Fact check: There is no evidence that mRNA vaccines would cause recipients to suffer from a ‘cytokine storm’

A post containing a lengthy quote allegedly written by an immunologist contains several false and unsupported claims over the use of mRNA vaccines.

Reuters Fact Check. REUTERS

The 200-word quote, shared over 1,000 times in one post (here) refers to an mRNA vaccine is a “ticking time bomb” that will cause serious effects when faced with a “predetermined” variant of COVID-19, and maintains that none of the current vaccines are technically vaccines. The quote also includes the claim that this alleged variant will only be released when “everyone has been jabbed” to ensure a cure for the disease will not be possible.

“I used to work in the NHS as an immunologist, and the second i heard the phrase mRNA vaccine i knew exactly how it was likely to be used,” the quote reads. “In reality its a genetics altering ticking time bomb that will cause you to suffer a serious cytokine storm, when later challenged with a predetermined variant of the Covid 19 virus. My guess the later virus will be called Covid 21 or something similar. They need to wait until everyone has been jabbed causing everyone’s immune system to be genetically altered, so they can be sure there will be no patient zeros left anywhere in the world that could be used to create a cure from. Do not have any of the so called Covid vaccines as they will not reduce or prevent transmission of the virus, hence why they are not technically vaccines. They are clearly a Trojan horse designed to be activated by a later variant that contains a specific genetic marker that will trigger the inevitable and deadly auto immune response.”

In the post, the quote is attributed to an individual named ‘Andy Pears’ and carries a picture of what appears to be a staff card carrying that name and the logo of North Bristol NHS trust. NBT confirmed to Reuters on Jan. 20 that Pears had undertaken a student placement at the Trust around ten years earlier, but that there was no further educational or employment relationship with him. Reuters reached Pears through a Facebook message, but he was not available for comment.


According to the text in the post, mRNA vaccines currently being administered for COVID-19 will pave the way to a “serious cytokine storm” if an immunised individual later comes face-to-face with a variant of the disease.

A cytokine storm describes a phenomenon in which the immune system goes into overdrive (here). It has been linked with severe cases of COVID-19 (here), although its significance in relation to the disease is still under question (here, here).

These studies, from 2012 and 2016, warned of the possibility of heightened immune responses in vaccinated mice that were later faced with live versions of the viruses (here, here, here). However, Kent Te-Chien Tseng, a professor of microbiology and immunology at The University of Texas, and one of the authors on the 2012 study, told Reuters that mRNA vaccines were “very different vaccine platforms” compared to those used nine years prior.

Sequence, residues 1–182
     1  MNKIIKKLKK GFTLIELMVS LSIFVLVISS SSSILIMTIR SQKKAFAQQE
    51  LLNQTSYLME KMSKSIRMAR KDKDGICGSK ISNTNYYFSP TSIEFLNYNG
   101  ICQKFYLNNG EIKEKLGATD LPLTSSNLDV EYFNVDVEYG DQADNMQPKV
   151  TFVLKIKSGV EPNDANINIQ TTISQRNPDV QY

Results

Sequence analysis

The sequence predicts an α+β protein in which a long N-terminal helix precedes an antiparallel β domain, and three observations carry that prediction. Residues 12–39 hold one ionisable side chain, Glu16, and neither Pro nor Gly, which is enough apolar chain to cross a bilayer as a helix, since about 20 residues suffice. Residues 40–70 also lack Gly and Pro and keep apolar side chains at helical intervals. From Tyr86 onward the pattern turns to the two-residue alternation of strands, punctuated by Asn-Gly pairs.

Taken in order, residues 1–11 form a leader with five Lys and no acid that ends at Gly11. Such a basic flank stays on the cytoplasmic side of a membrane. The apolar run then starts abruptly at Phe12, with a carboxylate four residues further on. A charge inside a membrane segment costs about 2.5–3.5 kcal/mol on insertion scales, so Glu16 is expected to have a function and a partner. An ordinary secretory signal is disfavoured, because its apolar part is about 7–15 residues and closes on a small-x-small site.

He said: “Yes, we need to be cautious on the safety issue of COVID-19 vaccines but should not be over panic/concern just based on our earlier report with mice. I feel our earlier report has raised that safety issue which has been taken seriously within the vaccine developers worldwide by different Institutions, such as WHO, NIAID, and many others.”

A team of global health scientists and infection preventionists at the Meedan Digital Health Lab said there was no evidence to suggest that mRNA COVID-19 vaccines or non-mRNA COVID-19 vaccines would result in cytokine storms (here).


The text in the post states that COVID-19 vaccines “are not technically vaccines” because “they will not reduce or prevent transmission of the virus”.

A vaccine trains the body to fight a disease it has not faced before (here). This is what mRNA vaccines for COVID-19 also do – albeit in a different way than has been seen before. Earlier vaccinations involved injecting a person with a weakened or inactivated form of a virus, whereas mRNA vaccines instruct cells to make a specific protein that triggers an immune response (here).

These vaccines have been found to prevent symptomatic and severe effects of COVID-19 (here). Further research is needed to determine whether they also have an effect on transmission (here) as this was not tested in trials (here, here).


The quote in the text also appears to suggest the existence of an overarching plan to make sure every person receives a “Trojan horse” mRNA vaccine. “They need to wait until everyone has been jabbed causing everyone’s immune system to be genetically altered, so they can be sure there will be no patient zeros left anywhere in the world that could be used to create a cure from,” it reads.

However, there is no evidence of such a plan as this would require mandatory mRNA vaccinations. The UK government has repeatedly said it would not make any COVID-19 vaccines compulsory - mRNA or otherwise (here, here). Of the three vaccines approved for use in the UK on Jan. 20, just two use mRNA: those from Pfizer/BioNTech and Moderna. The third, developed by Oxford/AstraZeneca, is an adenovirus vectored vaccine (here).


False. Experts say there is no evidence to suggest mRNA vaccines will cause a cytokine storm when an immunised individual is faced with a live variant of COVID-19. The mRNA vaccines developed against COVID-19 are a new type of vaccine, and there is no plan in the UK to make vaccination compulsory.

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